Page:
What is the clinical significance of a positive aPL ab result? When should a physician suspect that a patient has APS?
Low-titer (usually IgM and transient) aCL abs are seen in 5% to 10% and LA in <1% of the normal healthy population.
Less than 1% will be persistently positive when retested a year later. aPL abs can occur de novo or be associated with an autoimmune disease, acute and chronic infections, medications, and neoplasms (especially lymphoma). Overall, the positive predictive value of an aPL ab predicting a future stroke, venous thrombosis, or recurrent fetal loss is between 10% and 25%, especially if the person is triple positive (LA, aCL, and anti-β2GPI), has LA or high-titer anti-β2GPI, has an autoimmune disease, and/or has cardiovascular risk factors (hypertension, smoking, diabetes, and hyperlipidemia).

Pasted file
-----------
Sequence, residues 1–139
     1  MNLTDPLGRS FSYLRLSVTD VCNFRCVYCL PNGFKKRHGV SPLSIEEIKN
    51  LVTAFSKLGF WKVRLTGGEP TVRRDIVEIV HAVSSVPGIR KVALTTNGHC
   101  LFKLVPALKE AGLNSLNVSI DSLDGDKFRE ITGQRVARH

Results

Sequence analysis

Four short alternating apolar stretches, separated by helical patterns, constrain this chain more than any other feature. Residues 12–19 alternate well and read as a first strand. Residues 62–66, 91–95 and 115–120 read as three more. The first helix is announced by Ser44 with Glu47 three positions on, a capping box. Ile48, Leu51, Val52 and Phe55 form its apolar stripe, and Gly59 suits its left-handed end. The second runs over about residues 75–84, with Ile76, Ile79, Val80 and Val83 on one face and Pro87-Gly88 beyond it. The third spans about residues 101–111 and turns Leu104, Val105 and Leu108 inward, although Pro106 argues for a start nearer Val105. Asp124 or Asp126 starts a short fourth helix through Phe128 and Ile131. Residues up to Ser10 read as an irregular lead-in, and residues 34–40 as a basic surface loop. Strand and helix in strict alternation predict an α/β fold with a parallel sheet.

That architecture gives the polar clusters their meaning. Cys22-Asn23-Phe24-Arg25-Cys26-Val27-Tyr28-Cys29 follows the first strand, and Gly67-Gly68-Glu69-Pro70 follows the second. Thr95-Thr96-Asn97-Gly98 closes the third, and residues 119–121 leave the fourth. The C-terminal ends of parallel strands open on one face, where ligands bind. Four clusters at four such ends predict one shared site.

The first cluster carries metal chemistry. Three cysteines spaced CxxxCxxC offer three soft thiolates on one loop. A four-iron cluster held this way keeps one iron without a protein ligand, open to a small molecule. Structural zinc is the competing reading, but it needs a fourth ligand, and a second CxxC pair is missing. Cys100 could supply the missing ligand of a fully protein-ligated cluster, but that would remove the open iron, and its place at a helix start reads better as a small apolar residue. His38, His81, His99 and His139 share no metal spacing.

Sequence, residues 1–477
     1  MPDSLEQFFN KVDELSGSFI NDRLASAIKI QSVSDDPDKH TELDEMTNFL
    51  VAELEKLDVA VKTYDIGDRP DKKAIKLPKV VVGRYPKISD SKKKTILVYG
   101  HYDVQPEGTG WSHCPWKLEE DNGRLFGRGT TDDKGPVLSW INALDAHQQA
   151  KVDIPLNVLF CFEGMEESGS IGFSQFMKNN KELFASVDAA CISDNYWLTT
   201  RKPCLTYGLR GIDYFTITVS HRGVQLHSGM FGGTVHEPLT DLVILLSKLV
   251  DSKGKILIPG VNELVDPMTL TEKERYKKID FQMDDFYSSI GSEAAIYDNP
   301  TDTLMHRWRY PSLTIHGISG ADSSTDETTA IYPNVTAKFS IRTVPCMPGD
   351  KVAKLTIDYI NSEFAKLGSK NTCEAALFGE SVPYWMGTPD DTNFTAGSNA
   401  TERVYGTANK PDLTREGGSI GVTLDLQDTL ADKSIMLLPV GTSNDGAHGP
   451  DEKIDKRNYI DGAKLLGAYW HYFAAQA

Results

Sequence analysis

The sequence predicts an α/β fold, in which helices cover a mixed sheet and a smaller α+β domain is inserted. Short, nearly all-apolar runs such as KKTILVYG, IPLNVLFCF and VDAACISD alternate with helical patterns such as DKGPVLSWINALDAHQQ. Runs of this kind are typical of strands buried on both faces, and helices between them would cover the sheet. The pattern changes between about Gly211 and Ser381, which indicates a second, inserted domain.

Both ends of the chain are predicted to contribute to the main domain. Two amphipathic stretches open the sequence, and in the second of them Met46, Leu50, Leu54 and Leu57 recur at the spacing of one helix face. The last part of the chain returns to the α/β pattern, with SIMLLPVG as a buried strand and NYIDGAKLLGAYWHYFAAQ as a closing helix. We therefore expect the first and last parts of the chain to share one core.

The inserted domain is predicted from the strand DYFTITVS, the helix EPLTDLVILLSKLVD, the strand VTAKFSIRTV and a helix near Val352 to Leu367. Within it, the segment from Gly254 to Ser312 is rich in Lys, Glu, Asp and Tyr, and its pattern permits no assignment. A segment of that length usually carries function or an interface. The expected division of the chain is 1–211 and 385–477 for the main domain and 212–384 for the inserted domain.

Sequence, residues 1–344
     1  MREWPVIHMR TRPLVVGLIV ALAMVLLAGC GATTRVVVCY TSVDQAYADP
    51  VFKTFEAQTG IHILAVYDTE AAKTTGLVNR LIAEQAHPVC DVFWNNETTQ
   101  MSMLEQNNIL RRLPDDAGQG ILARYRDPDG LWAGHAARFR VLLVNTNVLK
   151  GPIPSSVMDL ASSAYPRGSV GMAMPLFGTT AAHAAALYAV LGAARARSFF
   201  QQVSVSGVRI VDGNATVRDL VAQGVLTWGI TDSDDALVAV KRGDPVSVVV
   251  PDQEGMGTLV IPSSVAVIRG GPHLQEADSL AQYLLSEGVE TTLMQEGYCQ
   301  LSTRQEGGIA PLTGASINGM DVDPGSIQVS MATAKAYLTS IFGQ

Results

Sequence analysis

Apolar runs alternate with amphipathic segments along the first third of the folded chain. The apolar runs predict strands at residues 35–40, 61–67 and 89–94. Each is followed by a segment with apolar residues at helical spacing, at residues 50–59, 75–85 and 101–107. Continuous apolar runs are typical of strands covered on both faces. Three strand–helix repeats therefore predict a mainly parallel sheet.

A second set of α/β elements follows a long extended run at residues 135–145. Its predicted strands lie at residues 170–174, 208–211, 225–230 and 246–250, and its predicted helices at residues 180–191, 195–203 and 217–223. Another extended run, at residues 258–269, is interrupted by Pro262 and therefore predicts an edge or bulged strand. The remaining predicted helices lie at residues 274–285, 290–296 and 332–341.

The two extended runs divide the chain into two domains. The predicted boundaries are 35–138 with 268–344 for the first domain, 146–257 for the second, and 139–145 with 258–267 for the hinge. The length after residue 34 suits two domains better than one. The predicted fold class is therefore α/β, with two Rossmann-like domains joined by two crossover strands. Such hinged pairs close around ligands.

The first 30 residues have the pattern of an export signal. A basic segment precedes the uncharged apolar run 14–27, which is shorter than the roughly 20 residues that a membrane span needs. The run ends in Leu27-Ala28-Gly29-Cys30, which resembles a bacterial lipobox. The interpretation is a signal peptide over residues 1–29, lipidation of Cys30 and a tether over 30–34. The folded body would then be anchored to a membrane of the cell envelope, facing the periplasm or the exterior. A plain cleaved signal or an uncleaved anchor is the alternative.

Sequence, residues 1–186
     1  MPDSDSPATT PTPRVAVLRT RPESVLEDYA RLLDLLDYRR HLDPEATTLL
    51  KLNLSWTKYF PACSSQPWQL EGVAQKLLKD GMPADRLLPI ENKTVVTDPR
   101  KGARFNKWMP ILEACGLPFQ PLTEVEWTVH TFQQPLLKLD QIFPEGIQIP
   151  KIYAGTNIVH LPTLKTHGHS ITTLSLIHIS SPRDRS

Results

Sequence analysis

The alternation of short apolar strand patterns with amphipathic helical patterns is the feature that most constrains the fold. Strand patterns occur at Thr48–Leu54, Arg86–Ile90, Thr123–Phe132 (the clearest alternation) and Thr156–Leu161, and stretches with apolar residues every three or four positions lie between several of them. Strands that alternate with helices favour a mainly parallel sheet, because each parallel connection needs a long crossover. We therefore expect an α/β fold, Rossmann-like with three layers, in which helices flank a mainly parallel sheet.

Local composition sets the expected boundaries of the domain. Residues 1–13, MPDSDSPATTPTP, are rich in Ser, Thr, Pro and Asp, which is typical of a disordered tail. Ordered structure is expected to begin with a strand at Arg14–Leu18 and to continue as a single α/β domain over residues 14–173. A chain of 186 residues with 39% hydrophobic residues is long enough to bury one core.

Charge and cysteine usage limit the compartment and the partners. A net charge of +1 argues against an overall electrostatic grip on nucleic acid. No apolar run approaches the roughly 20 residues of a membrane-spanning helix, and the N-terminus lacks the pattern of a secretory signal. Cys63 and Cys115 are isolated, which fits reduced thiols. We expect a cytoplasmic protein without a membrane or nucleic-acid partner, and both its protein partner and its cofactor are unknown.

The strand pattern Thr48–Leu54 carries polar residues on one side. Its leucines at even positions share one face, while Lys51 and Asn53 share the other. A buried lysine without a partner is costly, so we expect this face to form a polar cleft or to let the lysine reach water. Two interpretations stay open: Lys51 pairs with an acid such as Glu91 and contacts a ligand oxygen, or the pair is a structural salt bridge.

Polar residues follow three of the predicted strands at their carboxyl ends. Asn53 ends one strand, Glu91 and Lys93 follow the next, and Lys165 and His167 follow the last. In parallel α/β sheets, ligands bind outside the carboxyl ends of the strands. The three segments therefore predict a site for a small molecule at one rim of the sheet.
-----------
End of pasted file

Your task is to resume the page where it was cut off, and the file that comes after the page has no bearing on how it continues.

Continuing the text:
APS should be suspected in any of the following situations:
- • Arterial thrombosis especially before the age of 50 years.
- • Unprovoked venous thrombosis especially before the age of 50 years.
- • Recurrent thrombosis.
- • Both arterial and venous thrombotic events in the same patient.
- • Thrombosis at unusual sites (e.g., renal, hepatic, cerebral sinuses, mesenteric, vena cava, retinal, and subclavian).
- • Obstetrical: fetal loss or recurrent miscarriages; early or severe preeclampsia; unexplained intrauterine growth restriction; HELLP syndrome.